Sudan's rival generals "hold country hostage" as battle of egos turns deadly
A battle of egos and the struggle for power are at the center of the fighting in Sudan that's killed more than 400 people over the last seven days.
The big picture: Both sides said Friday they'll abide by a three-day truce. But so far the fighting has continued, and the rivalry between military chief Gen. Abdul Fattah al-Burhan and Rapid Support Forces (RSF) head Gen. Mohammed Hamdan Dagalo — known as Hemedti — runs so deep that the chances of either side agreeing to a permanent cease-fire without more bloodshed appear to be slim.
Catch up quick: Al-Burhan and Hemedti have now twice derailed the country's transition toward democracy.
- First in October 2021, when the two generals united to mount a military coup and remove the civilian-led cabinet and prime minister who came to power after a popular uprising in 2019 forced out longtime dictator Omar al-Bashir.
- Al-Burhan dissolved the fragile power-sharing government between civilian parties and the military, issued a state of emergency and said the military would rule until elections were held — polls that never came. Al-Burhan was de facto ruler and Hemedti was his deputy.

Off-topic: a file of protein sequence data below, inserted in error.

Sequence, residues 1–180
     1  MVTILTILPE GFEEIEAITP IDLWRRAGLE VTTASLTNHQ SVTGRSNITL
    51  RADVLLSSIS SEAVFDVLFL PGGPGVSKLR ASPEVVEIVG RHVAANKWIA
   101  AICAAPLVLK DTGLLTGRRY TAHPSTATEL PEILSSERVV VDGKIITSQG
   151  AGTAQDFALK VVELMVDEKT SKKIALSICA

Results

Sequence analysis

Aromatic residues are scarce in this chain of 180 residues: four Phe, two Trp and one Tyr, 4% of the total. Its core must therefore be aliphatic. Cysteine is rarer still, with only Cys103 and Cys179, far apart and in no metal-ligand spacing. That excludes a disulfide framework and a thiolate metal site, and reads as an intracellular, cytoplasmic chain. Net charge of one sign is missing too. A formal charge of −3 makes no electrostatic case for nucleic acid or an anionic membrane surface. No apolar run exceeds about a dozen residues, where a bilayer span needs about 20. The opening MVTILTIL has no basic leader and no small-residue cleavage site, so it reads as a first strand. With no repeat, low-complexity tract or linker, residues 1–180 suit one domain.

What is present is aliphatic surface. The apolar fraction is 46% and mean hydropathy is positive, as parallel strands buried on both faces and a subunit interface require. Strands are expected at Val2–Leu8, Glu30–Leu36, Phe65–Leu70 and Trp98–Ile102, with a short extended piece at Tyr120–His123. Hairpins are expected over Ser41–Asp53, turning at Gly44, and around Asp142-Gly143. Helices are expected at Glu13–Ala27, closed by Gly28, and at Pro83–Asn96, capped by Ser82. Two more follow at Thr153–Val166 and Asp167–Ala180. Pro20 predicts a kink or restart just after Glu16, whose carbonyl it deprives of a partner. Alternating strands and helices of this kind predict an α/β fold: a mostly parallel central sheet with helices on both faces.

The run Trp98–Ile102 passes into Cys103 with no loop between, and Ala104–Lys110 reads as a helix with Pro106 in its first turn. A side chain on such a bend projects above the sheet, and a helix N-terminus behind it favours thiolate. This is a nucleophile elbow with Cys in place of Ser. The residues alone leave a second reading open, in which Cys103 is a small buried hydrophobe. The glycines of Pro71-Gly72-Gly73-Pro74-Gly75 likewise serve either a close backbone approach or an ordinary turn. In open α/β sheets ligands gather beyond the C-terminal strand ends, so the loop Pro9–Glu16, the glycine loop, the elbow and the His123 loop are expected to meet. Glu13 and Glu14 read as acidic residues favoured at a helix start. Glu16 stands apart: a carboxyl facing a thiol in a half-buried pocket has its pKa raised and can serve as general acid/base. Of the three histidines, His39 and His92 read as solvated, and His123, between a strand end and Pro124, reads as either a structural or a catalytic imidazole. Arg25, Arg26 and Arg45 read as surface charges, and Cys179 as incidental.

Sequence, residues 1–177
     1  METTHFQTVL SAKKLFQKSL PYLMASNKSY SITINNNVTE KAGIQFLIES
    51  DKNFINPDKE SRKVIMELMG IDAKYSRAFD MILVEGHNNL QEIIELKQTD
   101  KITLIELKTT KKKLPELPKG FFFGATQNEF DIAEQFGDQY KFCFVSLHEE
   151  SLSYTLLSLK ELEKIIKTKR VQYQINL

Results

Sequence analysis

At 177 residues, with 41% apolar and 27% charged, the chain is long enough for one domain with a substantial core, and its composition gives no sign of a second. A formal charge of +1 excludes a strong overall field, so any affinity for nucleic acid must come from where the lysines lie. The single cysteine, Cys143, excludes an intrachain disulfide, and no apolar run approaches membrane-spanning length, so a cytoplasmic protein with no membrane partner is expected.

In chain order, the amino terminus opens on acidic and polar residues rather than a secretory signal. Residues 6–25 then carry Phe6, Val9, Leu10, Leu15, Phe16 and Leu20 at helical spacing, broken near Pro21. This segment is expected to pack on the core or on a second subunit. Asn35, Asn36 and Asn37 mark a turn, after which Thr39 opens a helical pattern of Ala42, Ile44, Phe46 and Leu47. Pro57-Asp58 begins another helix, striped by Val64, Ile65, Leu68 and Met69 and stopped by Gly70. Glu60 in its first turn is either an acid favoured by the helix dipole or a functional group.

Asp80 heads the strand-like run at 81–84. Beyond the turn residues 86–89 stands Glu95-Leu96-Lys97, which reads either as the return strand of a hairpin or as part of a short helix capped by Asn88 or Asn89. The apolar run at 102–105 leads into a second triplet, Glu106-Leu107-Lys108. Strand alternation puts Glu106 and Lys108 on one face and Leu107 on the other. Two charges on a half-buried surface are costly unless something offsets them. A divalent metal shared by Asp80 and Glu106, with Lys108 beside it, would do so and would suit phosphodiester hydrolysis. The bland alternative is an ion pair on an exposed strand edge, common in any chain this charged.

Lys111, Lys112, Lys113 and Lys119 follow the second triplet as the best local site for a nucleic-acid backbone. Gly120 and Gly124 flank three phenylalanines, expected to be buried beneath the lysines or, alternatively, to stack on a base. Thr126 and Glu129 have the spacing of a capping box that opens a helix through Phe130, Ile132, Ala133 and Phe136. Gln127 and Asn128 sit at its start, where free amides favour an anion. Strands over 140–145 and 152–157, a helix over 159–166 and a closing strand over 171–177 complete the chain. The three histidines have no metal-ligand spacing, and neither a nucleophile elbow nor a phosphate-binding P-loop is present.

- But it wasn't long before the two generals began to turn on each other. Tensions began to rapidly escalate as talks got underway to put the country back on the path toward democracy, according to four sources with knowledge of the negotiations.
- A Sudanese source who was involved in the negotiations said the animosity became entrenched in recent weeks that al-Burhan and Hemedti wouldn't say hello to each other or exchange any words, including during the talks.
Behind the scenes: Those tensions exploded last week when the two generals couldn't find common ground on the last sticking point in getting a deal to reinstall a civilian government.
- That disagreement was centered on what the military chain of command would look like in a civilian-led Sudan, a senior U.S. official and the Sudanese source told Axios.